How to integrate food waste reduction and composting into school curriculums
Vermont is lucky to have an active farm-to-school community of networks and organizations that work hard to integrate food education into school curriculums. According to the USDA’s Farm-to-School Census, 83% of Vermont School Districts surveyed participate in farm-to-school activities. That’s over 12,000 students involved with this work!
In addition to bringing food education into the classroom, many Vermont schools are investing their food purchasing dollars into the local food system. The average school district spends 17% of their budget on local products.
It is important that how we treat our uneaten food is also included in these curriculums. Educating children about organics recycling, and integrating donation and composting programs into school food services, help close the loop of our food cycle, futher enforce food education values, and strengthen our local communities and economies.
Composting is an organically mediated decomposition process, in which microorganisms recycle organic wastes into a stable and nutrient rich humus. The processes taking place during managed composting are well understood and the practices and resulting products are very safe.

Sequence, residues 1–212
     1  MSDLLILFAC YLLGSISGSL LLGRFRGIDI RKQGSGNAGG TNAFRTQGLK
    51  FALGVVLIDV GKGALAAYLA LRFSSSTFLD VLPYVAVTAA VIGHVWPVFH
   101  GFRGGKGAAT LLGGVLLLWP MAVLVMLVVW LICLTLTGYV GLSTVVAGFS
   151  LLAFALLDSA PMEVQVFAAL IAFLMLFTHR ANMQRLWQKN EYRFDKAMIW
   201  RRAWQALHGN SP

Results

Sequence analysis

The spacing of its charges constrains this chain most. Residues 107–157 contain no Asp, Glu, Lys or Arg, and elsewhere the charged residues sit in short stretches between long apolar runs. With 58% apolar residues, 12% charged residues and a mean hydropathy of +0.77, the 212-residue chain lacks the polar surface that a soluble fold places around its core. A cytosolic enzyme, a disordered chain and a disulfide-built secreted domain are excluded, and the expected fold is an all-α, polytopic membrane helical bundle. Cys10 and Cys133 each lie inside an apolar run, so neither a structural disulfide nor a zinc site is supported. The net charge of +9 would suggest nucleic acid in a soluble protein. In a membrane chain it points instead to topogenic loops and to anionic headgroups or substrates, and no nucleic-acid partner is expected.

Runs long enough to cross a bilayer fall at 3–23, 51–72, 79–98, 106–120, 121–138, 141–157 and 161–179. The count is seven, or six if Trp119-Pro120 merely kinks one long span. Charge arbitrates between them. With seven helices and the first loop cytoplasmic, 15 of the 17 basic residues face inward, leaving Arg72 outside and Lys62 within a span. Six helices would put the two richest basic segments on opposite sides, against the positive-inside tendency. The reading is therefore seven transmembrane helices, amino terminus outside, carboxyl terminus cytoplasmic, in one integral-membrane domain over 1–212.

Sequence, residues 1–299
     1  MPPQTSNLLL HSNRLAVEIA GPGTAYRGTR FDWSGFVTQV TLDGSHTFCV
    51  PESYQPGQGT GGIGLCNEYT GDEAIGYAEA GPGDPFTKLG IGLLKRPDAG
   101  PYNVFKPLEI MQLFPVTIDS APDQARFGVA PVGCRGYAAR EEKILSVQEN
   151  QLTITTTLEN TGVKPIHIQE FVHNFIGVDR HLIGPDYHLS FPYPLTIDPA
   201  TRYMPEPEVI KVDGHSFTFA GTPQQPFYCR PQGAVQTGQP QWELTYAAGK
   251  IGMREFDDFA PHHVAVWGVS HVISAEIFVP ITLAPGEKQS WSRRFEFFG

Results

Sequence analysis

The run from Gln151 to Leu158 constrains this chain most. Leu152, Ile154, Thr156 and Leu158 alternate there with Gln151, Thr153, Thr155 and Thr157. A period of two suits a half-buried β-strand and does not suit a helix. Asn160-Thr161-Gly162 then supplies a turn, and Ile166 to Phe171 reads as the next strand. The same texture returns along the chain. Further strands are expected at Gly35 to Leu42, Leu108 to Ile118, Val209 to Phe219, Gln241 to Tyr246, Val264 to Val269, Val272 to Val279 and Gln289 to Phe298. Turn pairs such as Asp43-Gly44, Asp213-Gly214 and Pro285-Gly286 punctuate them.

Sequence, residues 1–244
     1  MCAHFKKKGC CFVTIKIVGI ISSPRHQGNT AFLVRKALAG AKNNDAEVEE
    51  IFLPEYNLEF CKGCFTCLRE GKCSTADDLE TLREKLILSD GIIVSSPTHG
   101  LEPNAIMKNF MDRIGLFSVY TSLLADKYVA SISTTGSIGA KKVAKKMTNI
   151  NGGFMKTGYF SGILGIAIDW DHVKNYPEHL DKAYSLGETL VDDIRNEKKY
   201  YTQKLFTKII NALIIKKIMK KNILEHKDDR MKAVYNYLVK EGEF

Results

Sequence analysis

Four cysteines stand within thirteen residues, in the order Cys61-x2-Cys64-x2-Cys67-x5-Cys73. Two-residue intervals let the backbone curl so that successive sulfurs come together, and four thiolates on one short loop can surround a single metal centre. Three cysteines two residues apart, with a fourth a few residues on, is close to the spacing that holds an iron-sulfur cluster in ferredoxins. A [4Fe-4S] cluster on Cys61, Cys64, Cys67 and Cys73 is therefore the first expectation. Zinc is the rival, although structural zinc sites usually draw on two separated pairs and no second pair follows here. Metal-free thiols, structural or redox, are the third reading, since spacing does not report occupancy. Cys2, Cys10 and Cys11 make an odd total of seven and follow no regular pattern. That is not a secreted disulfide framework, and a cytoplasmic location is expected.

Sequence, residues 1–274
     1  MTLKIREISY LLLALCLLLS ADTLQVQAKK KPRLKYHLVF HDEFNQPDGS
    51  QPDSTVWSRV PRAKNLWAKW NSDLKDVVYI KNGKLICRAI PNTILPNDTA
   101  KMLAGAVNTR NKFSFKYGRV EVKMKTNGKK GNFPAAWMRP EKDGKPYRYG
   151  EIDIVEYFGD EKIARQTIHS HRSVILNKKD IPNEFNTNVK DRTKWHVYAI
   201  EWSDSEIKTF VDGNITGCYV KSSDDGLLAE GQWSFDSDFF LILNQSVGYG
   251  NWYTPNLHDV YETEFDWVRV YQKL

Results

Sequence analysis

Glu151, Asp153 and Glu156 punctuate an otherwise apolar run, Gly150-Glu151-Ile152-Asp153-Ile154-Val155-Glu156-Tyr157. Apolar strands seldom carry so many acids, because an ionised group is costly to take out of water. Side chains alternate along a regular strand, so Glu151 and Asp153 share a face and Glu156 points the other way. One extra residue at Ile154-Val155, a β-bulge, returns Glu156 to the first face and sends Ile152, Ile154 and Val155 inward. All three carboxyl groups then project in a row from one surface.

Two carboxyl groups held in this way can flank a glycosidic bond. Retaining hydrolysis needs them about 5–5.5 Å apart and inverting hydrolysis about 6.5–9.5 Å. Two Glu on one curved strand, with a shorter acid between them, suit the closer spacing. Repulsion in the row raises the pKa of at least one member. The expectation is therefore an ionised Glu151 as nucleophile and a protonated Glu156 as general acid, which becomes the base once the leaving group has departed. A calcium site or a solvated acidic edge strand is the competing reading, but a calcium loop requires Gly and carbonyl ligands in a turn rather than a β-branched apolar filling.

School composting programs, especially those on-site, have the potential to teach children important lessons about decomposer systems and their role in ecology and sustainable communities, as well as personal responsibility, cooperation, and thoroughness. Within the composting process itself many areas of study overlap creating a matrix of integrative study that is easily applicable within the daily life of the school community.
- Earth Science and Ecology: Global Carbon and Nitrogen Cycles and their role in food systems, global climate, and the composting process.
- Physical Science: Density, moisture, temperature, and chemical make up of materials in our world and in the compost pile.
- Mathematics: Calculation of volume, weight, the Carbon to Nitrogen ratios of different materials, and the combination of these formulas in compost system development.
- Scientific Process: Collection of data, identifying dependant and independent variables, correlating patterns in data with compost pile conditions.
- Biological Science: Life science, food webs, metabolism, microorganisms, and the cycles of organic life on the planet and in the compost pile.
- Nutrition: Soil-to-soil nutrient cycles and the role of compost in human nutrition and health.
The following are resources that can be used to jumpstart integrating composting into your curriculum:
- School Composting Training Curriculum for PK – 2nd Grade
- School Composting Training Curriculum for 7th to 12th Grade
- “Do the Rot Thing: A Teacher’s Guide to Compost Activities” [CVSWMD Organics]
- School Composting Presentation [PowerPoint]
- On-Site School Composting Training Presentation [PowerPoint]
- Composting at Your School Assembly Presentation
- Composting at Your School [PowerPoint]
Printables (worksheets, games, signs)
For more information on farm-to-school programs, please visit or contact the following organizations: